Organizational Hybridity In Social Finance

A comparative analysis

Authored by: Gunnar Glänzel , Björn Schmitz

Routledge Handbook of Social and Sustainable Finance

Print publication date:  June  2016
Online publication date:  June  2016

Print ISBN: 9781138777545
eBook ISBN: 9781315772578
Adobe ISBN: 9781317678830

10.4324/9781315772578.ch23

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Abstract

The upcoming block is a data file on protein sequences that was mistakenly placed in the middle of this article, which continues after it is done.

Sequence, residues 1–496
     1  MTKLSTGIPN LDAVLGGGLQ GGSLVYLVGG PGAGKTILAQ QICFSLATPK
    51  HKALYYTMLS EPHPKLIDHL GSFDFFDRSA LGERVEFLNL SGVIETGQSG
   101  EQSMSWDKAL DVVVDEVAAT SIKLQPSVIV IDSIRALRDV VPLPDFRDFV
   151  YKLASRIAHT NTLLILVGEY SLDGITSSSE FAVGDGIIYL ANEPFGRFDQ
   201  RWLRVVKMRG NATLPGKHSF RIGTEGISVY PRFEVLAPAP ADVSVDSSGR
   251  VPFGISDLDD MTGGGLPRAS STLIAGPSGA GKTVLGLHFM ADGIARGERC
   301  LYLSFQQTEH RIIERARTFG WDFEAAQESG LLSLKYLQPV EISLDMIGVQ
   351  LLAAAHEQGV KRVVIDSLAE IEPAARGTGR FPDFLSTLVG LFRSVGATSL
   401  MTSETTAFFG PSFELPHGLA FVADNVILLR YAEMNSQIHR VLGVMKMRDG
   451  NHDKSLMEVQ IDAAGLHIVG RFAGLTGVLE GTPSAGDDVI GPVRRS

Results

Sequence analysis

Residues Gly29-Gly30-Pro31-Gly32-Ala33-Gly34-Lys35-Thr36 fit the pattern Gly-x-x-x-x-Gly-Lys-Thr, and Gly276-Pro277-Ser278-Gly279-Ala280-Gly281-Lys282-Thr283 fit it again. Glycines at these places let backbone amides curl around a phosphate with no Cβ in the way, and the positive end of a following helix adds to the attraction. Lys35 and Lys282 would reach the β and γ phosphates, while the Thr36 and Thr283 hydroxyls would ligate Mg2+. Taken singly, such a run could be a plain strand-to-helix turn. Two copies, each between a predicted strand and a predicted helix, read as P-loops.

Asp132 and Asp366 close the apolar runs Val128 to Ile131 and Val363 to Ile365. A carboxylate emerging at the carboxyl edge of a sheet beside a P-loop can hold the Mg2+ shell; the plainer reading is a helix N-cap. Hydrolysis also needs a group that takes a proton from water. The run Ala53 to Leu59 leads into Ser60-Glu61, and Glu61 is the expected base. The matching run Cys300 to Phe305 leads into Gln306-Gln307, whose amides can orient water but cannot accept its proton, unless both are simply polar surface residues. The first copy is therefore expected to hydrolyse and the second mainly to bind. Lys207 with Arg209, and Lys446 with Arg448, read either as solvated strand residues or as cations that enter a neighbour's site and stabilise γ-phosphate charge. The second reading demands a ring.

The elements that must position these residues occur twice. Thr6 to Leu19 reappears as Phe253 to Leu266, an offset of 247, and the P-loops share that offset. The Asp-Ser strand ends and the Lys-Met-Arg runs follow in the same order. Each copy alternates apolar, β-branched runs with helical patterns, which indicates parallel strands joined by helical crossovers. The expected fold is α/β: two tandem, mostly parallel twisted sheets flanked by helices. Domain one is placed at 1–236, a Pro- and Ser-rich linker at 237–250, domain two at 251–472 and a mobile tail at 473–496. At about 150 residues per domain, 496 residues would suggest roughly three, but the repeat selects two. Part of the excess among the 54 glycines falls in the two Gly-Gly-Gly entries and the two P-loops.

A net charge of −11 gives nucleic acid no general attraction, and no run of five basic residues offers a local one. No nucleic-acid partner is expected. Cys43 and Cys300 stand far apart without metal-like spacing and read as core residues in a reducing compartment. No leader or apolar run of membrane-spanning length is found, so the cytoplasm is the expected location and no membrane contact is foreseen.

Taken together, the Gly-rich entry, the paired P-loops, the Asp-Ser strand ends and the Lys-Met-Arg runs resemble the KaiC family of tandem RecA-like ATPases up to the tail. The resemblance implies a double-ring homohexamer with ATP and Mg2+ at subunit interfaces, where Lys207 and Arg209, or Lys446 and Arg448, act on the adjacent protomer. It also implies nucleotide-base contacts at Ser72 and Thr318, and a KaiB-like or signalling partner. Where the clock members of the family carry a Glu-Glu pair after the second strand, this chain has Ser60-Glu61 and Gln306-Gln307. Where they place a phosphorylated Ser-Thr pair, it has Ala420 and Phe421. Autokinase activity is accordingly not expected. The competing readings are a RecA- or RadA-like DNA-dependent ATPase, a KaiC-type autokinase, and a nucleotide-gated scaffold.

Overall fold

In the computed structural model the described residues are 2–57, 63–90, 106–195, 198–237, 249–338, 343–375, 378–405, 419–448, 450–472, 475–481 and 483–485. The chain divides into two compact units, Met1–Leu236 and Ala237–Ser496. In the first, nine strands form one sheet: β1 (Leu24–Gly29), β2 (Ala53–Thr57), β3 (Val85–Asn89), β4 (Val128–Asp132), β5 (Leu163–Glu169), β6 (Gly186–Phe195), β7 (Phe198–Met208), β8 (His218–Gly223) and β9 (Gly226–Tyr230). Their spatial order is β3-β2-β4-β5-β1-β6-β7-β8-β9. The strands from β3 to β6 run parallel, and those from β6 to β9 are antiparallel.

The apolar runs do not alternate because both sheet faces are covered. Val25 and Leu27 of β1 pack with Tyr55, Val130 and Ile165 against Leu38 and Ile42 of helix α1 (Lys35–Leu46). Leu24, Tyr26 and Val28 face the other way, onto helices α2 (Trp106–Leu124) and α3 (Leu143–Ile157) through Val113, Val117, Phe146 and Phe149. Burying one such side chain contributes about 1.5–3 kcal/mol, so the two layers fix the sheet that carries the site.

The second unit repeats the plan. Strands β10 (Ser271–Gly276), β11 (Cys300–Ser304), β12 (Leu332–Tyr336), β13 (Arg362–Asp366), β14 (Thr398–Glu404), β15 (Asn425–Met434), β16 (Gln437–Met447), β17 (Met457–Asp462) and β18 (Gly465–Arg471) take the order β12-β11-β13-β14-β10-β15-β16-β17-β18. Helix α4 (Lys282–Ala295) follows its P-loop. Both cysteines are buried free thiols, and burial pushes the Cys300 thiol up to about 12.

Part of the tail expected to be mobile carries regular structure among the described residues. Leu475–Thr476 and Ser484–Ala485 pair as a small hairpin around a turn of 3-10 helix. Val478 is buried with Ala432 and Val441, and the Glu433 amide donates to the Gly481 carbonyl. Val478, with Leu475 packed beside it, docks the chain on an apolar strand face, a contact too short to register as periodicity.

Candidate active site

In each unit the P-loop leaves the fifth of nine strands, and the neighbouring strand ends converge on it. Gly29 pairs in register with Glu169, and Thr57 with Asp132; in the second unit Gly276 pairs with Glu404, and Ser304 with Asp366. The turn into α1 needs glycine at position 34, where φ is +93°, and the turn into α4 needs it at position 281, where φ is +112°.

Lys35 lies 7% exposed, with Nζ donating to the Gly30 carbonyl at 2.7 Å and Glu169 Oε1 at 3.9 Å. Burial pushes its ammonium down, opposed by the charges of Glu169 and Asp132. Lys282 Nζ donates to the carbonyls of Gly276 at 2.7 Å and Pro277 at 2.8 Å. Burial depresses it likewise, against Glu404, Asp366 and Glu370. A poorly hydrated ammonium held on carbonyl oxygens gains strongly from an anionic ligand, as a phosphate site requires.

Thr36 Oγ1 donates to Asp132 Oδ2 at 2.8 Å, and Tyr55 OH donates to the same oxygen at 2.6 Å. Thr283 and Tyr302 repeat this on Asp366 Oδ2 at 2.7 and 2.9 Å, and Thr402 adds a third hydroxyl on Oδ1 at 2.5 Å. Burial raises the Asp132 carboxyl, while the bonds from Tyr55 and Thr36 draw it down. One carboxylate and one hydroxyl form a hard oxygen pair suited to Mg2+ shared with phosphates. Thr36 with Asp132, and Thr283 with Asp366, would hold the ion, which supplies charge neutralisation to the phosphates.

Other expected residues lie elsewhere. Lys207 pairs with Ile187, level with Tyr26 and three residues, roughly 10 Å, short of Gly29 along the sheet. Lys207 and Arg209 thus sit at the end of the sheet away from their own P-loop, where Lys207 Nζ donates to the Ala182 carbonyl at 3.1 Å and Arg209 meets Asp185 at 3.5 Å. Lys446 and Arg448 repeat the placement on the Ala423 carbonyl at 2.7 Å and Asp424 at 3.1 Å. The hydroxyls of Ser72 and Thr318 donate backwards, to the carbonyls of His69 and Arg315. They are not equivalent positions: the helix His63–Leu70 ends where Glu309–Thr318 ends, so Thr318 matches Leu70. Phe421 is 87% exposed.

The “hybrid movement” (Battilana, Lee, Walker, & Dorsey, 2012) is a description of the recent trend in organizational forms that are combining highly heterogeneous sectoral elements in general and commercial and non-profit practices in particular in new ways and more intensively. The body of academic literature on hybrid organizations has increased vastly in the last decade (e.g., Billis, 2010; Boyd, Henning, Reyna, Wang, & Welch, 2009; Bromberger, 2011; Doherty, Haugh, & Lyon, 2014; Evers, 2008; Glänzel & Schmitz, 2012; Jäger & Schröer, 2013; Jay, 2013; Schmitz, 2013; Skelcher, 2012; Smith, 2010). Best-known hybrid organizations are active in fair trade (e.g., Huybrechts & Defourny, 2008; Nicholls & Opal, 2005) or work integration (e.g., Garrow & Hasenfeld, 2010; Pache & Santos, 2010). But also organizations in the field of social finance are interesting and of increasing importance, as these organizations might serve as part of the ecosystem for hybrid organizational forms like social enterprises (e.g., Battilana & Dorado, 2010; Harvey, 1995; Moore, Westley, & Brodhead, 2012).

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